•9:50 PM
LANA:

Now that DH is out of the film catering gig and received his last paycheck, I can finally spill the goods! I already said he wanted to leave the job because of the insane hours and relatively low food quality. But there was a whole lot more to it.

I guess you hear it all the time - the film industry is hard and cold. But if you're like me, you were probably thinking of it from the talent's point of view. Constant rejection and criticism, the casting couch, things like that. I was surprised, maybe more than I should have been, that it's hard and cold all the way down to the ground level behind the scenes.

It's a 100% fear-driven work environment. They do not want you to feel comfortable or secure about your position on the crew. I didn't mention it before because our mortgage lender would not have liked to hear this at all, but DH's company signed a contract with the production company every single night to be hired for the next day and the next day only. The upper echelon on set (the producers and execs) are rich, powerful and moody because they can be, and because it works to keep your performance on its toes. They know what you are being paid and they know 200 people would jump into your place in a dead second.

There is no loyalty to speak of, even within the catering crew. It truly is every man for himself. Mysterious 'complaints' run rampant on the set, and any one of these could be grounds for your termination, whether or not they are true, or even important (for example, if one person out of 120 thinks the table seating is too tight - and she happens to be dating one of the producers). DH was expressly warned not to do any special favors outside of what they were under contract for without speaking to his boss first, because today's kind gesture could become expected as an entitlement tomorrow and if you refuse to do it again, you may find yourself out of a job depending on whom you've ticked off.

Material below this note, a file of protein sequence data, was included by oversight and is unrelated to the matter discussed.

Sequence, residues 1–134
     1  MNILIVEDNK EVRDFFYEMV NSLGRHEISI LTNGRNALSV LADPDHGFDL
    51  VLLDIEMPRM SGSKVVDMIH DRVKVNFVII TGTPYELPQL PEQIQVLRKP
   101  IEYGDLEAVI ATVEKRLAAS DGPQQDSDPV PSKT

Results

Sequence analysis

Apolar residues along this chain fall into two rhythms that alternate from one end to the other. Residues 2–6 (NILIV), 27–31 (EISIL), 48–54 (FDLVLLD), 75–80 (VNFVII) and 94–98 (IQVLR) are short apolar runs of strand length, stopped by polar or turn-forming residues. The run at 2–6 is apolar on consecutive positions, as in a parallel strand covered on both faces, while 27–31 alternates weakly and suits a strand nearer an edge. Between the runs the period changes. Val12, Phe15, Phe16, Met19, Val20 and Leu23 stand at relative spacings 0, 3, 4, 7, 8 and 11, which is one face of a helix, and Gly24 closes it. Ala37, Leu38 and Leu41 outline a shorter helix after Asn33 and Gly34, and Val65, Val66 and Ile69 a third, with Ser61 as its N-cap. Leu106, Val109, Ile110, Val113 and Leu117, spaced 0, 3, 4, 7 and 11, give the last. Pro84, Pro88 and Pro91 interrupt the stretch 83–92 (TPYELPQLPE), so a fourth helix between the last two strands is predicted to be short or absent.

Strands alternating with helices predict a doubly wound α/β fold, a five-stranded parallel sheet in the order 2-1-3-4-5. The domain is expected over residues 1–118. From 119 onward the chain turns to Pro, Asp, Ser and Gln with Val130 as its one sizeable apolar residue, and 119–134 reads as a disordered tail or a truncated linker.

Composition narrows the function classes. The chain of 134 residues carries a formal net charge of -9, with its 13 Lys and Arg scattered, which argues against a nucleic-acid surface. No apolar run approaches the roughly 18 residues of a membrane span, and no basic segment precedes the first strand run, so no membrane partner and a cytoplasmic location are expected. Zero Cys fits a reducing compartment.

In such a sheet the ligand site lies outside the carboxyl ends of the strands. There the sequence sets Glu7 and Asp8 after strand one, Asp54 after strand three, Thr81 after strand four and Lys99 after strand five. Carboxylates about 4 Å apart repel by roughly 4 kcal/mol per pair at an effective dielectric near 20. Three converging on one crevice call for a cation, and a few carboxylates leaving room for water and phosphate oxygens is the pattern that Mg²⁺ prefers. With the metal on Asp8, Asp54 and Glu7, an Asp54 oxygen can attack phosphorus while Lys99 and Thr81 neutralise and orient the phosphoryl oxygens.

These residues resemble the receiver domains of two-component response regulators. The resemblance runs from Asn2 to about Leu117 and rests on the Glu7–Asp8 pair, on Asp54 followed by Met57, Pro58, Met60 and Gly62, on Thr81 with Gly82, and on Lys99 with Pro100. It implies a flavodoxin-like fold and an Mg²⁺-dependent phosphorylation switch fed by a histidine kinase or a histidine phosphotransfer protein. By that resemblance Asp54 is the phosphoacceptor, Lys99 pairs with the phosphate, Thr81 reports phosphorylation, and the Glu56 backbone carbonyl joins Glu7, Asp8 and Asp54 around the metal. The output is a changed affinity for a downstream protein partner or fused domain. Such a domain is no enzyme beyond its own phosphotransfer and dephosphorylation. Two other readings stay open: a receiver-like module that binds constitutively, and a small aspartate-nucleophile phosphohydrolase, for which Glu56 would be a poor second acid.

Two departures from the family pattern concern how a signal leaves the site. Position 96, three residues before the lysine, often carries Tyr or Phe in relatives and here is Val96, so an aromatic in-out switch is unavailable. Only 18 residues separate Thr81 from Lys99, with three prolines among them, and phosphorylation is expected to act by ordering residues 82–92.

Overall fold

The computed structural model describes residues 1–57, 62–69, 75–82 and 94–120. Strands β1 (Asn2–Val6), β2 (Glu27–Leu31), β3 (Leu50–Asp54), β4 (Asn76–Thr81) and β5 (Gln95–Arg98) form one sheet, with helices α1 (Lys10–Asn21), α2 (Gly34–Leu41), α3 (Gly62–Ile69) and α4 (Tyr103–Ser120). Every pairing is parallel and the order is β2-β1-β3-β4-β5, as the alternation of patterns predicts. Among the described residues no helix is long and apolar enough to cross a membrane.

Frenchy, DH's boss, has been in the business for over 20 years and seems comfortable playing any game that needs to be played to cover his own back. Sadly, it was hard to respect him in the end. It was interesting to me that his longest term employee has been there only three years (and he's on the verge of leaving as well). Despite the money to be made and stars to meet and the parties to go to, no one can do it for long. It's too demeaning, and too lonely.

The heavy paycheck was great, of course, but it came with many strings and ugly feelings, and the uncomfortable knowledge that it could end at any moment for any trivial reason at all. It's no way to live.

For us, anyway.
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1 comments:

On June 20, 2011 at 6:20 AM , Stacy said...

Yikes! I agree, that is no way to live. Especially when you're trying to support a family. I find it extremely sad that situations like that even exist and as much fun it has been to hear you talk about the stars and such, I feel that you've all made the right decision there. Just look at it as a lesson or experience that you all needed to move on to the next chapter in your lives. ((((hugs))))